Circle research

Weekly Crypto Recap 11/30-12/6

Know & go

  • Highlight of the week: Vertcoin has been experiencing multiple 51% attacks. This could have implications for the security of "long tail" crypto assets.
  • Three things to know: (1) Bitwise launches two new funds amidst greater demand (2) BSV and BCH flip-flop (3) SEC delays decision on Van Eck/SolidX Bitcoin ETF.
  • BVOL (the rolling 30-day annualized Bitcoin volatility as calculated by Bitmex) fell to a low of 14% on Nov 14. It has been above 111% since Nov 30 and is now at 116%.
  • Total crypto market capitalization is around $107 billion at press time, down 17.6% w/w. BTC is trading at $3378 (down 16% w/w), ETH is at $86 (down 24% w/w).*
    *As of 12/7 11:00AM ET

Weekly market snapshot

Top Stories

Crypto assets vulnerable to 51% attack

Mark Nesbitt, Coinbase engineer, published an article outlining four distinct instances of 51% attacks on Vertcoin. Attackers have successfully executed multiple reorganizations on the Vertcoin chain in recent months, enabling double spends worth $100,000 with the most recent reorg having a depth of 307 blocks (depth refers to the number of blocks that are replaced with new blocks). Other long-tail crypto assets that have suffered 51% attacks include Verge, Bitcoin Gold, and ZenCash.

If an attacker acquires more than 50% of the resources of the network, the miner can facilitate a chain reorganization (“reorg”) that allows the attacker to rewrite the canonical transaction history by replacing a certain number of blocks with new blocks. This allows the attacker to reverse previously confirmed transactions and double spend coins (i.e. successfully spend coins more than once):

“The miner could send those coins to a merchant in a transaction, T, while also secretly extending an alternative block history. The miner’s secret blocks do not include T, but rather include a transaction that sends the same coins used in T to a different address. Call that transaction T’. When the miner reveals this secret history, it will contain T’, not T. Because T and T’ attempted to send the same coins and T’ is now in the canonical history, this means that T is forever invalid, and the recipient of the coins sent in transaction T is out of luck.”

- Mark Nesbitt

In this Breaker Mag article, Vertcoin developer Gert-Jaap Glasbergen highlights that attackers can only double spend coins they own - the attacker has to be the original sender. Transactions from senders that are not the attacker are still valid and can still be included in future blocks mined by the attacker.

Therefore, the main threat is to entities that accept the coin being double spent. This makes exchanges key targets for attackers performing these attacks: “Reversing the transaction that made a deposit into the exchange’s account after a trade was made would mean that the attacker effectively received the second currency for free.” Exchanges could increase the number of blocks that need to be mined before a deposit is considered valid and not subject to a double spend attack. However, as with Vertcoin, increasing the number of confirmations into the hundreds still would not be sufficient.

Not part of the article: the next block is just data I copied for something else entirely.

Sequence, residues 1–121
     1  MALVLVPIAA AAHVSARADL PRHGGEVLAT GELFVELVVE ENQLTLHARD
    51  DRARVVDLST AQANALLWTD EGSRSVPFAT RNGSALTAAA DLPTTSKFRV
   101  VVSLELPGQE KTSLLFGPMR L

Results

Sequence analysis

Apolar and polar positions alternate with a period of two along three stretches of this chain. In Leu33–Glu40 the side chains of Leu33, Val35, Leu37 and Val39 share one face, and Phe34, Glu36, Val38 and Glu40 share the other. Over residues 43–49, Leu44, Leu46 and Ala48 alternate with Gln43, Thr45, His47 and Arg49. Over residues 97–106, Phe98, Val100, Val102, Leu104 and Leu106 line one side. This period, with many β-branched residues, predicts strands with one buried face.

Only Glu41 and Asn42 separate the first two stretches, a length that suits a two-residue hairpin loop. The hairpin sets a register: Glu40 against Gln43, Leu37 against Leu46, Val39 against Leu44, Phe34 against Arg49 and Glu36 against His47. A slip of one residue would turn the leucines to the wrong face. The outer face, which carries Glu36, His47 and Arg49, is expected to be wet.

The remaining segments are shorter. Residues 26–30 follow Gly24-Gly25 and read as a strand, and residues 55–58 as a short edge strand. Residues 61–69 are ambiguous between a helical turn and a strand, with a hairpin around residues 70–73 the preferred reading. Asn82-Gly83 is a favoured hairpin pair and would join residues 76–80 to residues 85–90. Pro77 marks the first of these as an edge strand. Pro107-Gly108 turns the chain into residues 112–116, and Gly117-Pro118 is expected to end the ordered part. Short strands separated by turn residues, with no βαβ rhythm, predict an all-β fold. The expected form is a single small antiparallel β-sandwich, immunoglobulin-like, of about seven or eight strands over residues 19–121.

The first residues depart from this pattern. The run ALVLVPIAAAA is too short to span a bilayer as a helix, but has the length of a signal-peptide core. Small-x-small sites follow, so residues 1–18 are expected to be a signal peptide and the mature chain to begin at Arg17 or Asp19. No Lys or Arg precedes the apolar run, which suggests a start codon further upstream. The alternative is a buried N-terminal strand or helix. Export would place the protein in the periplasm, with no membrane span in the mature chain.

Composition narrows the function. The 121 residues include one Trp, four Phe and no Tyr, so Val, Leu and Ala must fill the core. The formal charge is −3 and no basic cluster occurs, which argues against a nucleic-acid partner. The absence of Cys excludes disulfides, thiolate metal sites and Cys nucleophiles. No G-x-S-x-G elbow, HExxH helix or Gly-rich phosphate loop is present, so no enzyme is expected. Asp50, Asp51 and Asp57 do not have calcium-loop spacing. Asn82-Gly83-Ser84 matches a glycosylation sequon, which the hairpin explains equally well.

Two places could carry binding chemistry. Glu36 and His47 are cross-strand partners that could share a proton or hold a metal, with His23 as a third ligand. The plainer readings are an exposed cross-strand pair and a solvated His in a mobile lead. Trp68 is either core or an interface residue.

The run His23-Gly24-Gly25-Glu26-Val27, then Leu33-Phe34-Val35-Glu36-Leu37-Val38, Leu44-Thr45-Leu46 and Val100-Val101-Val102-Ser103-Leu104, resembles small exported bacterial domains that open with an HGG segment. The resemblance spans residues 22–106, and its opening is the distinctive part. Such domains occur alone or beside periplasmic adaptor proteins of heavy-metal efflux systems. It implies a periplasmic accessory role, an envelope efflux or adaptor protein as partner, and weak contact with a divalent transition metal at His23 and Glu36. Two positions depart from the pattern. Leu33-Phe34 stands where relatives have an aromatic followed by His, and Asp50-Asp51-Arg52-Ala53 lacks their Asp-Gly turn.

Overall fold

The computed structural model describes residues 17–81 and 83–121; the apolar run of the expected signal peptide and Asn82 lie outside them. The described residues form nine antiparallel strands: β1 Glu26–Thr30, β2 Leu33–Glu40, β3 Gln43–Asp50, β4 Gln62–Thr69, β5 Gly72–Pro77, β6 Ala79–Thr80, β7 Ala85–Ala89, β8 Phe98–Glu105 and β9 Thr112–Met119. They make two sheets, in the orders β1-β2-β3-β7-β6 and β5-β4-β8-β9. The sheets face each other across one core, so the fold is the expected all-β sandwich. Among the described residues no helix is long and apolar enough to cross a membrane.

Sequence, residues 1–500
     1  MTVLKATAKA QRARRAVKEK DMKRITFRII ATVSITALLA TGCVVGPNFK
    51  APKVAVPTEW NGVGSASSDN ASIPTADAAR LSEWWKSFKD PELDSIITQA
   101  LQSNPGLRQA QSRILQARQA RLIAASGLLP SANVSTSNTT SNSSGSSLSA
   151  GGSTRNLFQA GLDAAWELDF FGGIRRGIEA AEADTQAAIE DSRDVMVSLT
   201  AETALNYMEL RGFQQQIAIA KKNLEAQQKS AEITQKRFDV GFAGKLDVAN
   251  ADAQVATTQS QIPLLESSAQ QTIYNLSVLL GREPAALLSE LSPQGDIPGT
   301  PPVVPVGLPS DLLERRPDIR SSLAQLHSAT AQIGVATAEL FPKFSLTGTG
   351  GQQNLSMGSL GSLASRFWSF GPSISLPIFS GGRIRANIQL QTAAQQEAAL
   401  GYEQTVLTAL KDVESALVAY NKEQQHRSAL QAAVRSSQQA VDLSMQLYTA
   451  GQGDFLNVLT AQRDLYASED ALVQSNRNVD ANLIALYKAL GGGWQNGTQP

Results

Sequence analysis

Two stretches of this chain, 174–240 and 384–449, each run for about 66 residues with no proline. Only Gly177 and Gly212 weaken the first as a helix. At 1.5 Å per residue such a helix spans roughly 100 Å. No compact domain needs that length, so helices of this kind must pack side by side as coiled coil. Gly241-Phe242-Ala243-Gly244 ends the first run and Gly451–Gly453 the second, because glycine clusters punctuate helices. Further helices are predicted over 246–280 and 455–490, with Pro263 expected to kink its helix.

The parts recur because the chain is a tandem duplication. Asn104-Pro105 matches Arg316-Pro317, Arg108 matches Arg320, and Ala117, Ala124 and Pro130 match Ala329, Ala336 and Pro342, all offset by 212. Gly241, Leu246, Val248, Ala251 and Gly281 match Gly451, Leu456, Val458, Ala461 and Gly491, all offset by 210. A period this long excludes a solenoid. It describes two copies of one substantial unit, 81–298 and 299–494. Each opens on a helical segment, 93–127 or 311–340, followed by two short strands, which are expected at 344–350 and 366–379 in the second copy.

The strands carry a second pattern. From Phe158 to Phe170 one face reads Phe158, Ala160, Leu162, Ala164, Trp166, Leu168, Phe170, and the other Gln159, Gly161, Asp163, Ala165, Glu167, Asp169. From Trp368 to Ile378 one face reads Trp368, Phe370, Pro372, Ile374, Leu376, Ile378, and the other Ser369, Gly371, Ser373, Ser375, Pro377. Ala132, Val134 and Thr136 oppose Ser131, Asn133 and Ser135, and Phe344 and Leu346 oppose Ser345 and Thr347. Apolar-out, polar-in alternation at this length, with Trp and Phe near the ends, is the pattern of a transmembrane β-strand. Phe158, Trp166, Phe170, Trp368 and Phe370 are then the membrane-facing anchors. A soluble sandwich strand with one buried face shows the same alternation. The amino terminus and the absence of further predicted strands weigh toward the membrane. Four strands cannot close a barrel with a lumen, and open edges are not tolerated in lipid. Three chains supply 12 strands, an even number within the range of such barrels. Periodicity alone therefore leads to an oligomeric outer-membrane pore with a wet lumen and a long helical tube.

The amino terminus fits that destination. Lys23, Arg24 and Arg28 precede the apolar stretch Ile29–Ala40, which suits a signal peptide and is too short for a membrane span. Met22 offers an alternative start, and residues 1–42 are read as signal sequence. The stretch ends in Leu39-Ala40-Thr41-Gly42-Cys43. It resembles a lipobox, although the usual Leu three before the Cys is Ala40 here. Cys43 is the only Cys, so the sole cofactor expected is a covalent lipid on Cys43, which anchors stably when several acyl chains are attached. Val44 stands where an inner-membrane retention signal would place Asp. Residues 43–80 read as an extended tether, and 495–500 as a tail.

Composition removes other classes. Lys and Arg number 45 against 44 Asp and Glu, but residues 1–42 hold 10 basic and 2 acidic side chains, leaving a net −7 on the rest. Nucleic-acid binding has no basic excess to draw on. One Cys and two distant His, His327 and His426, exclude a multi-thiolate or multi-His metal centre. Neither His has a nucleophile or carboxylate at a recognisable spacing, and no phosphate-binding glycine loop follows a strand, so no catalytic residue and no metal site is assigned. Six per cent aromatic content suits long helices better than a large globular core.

Additionally, Vertcoin is an ASIC resistant coin in that it uses a hashing algorithm that is optimized for consumer grade hardware (specifically GPUs) over which ASICs cannot have a major advantage (in theory). The main argument for ASIC-resistance is greater decentralization, though potentially at the cost of network security because anyone with consumer-grade hardware (significantly more affordable than ASICs) can now attack the blockchain. A Vertcoin developer provides his thoughts in a response here.

However, Glasbergen tells Breaker that the availability of cheap hashpower for rent through cloud mining marketplace Nicehash (requires low opex and zero capex) and the development of ASICs for the Lyra2REv2 algorithm used by Vertcoin are the key factors that enabled the attack.

The recent attacks on Vertcoin have significant implications on the “long tail” of crypto assets, which are more heavily impacted by the crypto bear market and declining mining activity. Smaller networks are more vulnerable as the cost of conducting an attack is significantly lower relative to larger networks.

In other news

  • BSV and BCH (ABC implementation) keep swapping positions on CMC in terms of price. BSV is trading at $105 at press time (11AM ET), up 9.8% w/w. BCH is trading at $103, down 40% w/w. Source.
  • Arjun Balaji outlines multiple reasons why Bitcoin is not entering a miner induced death spiral, including that higher fees can incentivize miners to continue mining if hashrate drops in between difficulty adjustments. Source.
  • If Bitcoin ends the year below $5,959, bitcoin's price loss in 2018 will have been it's biggest annual price loss in its history. Source.
  • Many dApps rely on Infura, which provides developers a way to connect to Ethereum without running a full node. It is operated by ConsenSys and hosted on Amazon cloud servers, and presents a single point of failure is dangerous for all dApps connected to it. Source.